|Disc 1: Lady in White|
|Disc 2: Frankie Goes to Tuscany|
|2.||Fantasia Al Mare||4:50|
|3.||Miro / Miranda! (Italian)||6:03|
|6.||You're Just A Figment Of My Imagination||2:26|
|8.||La Pellicola Fra Le Dita||4:40|
|9.||Shall We Dream?||3:15|
|10.||I'll Take The Grand||3:05|
|11.||At The Zoo||4:01|
|13.||Una Rondine Non Fa Primavera||2:35|
|14.||THE EXTRAS: Miro / Miranda! (English) (Frankie Goes To Tuscany)||7:04|
|15.||Electronic Version Of Suite #III (Lady In White)||1:56|
|16.||Electronic Version Of Suite #IV (Lady In White)||1:27|
Total Album Time:
From the Manufacturer
Frank LaLoggia's Lady in White transcended its modest budget with an impressive cast and startling visual beauty, combined with the heartfelt nostalgia of a memoir. LaLoggia's film has gained an increasingly devoted cult following in the three decades since its original release, with the filmmaker's own unusually lush and melodic orchestral score a key component in its popularity.
The ambitiously melodic score pays homage to the composers who had filled LaLoggia's soundtrack collection as a teenager. The greatest influence can be heard in the music of Elmer Bernstein, as Lady's themes and orchestrations have the distinctive warmth of a classic Bernstein score, and yet he evokes the master so clearly without ever copying from Bernstein's own masterpiece of childhood wonder and terror, To Kill a Mockingbird, a film clearly echoed in Lady's subplot of racial injustice. The score is dominated by bright and playful themes that reinforce the lighthearted mood of the early sequences and make the film's surprisingly dark turns even more effective. The later parts of the score are dominated by a simple, literally "haunting" choral theme for the murdered girl, whose heart-breaking innocence serves almost as a siren song as young Frankie pursues the mystery; for the finale, LaLoggia provides a waltz as the ghostly girl and her grief-stricken mother are reunited in the heavens.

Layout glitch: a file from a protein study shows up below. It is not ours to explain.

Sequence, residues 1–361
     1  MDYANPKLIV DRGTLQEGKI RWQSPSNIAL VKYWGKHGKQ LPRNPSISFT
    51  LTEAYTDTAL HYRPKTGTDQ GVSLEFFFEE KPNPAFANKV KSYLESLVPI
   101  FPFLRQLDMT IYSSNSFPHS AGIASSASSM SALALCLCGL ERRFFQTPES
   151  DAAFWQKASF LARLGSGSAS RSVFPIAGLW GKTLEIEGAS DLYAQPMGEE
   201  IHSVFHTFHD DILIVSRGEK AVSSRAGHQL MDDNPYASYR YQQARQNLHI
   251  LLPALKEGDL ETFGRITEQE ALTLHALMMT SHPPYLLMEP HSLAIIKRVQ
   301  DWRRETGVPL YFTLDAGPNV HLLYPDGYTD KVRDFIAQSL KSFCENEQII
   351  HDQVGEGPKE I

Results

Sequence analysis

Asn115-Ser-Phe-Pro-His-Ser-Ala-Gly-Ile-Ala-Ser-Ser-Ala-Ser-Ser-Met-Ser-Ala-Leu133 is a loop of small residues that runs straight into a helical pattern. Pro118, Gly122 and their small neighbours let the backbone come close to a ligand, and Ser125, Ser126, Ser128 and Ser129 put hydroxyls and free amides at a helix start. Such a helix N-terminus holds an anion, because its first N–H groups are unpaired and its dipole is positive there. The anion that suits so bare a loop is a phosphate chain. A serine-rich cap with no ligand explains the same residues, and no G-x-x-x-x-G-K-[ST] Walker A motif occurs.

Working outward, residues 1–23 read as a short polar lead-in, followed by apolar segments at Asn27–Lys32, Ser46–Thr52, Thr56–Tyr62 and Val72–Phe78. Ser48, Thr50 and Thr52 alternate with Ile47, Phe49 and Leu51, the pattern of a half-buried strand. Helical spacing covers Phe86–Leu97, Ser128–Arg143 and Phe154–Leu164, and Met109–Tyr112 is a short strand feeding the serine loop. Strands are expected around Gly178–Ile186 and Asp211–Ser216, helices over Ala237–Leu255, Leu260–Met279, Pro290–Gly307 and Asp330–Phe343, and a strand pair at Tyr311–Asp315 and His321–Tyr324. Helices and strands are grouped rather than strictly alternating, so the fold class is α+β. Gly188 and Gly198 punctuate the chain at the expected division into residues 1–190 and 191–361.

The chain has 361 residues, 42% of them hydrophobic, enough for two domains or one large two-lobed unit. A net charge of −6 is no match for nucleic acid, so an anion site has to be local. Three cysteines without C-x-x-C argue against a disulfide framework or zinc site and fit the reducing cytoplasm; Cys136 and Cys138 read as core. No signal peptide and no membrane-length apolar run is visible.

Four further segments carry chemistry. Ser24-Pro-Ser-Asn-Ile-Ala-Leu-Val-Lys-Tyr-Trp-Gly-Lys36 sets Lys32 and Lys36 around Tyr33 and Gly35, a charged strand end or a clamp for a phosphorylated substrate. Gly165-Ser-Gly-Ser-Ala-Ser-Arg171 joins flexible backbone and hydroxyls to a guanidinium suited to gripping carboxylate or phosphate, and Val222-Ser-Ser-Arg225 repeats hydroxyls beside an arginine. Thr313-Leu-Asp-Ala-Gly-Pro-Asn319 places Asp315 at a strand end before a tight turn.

As an added bonus, a second disc featuring LaLoggia's concept album, Frankie Goes to Tuscany, adds a spirited and entirely different musical experience from the ghost story on the first disc. LaLoggia created, almost entirely, the recording with digitally sampled instruments via computer, and while this is in sharp contrast to the 70-piece orchestra that recorded Lady in White, it clearly boasts LaLoggia's melody-driven, film-score inspired ideas. As LaLoggia comments in the notes, "Frankie Goes to Tuscany is a film score in search of a movie. In fact, I'd say that just about every track has a movie idea behind it in varied stages of development."
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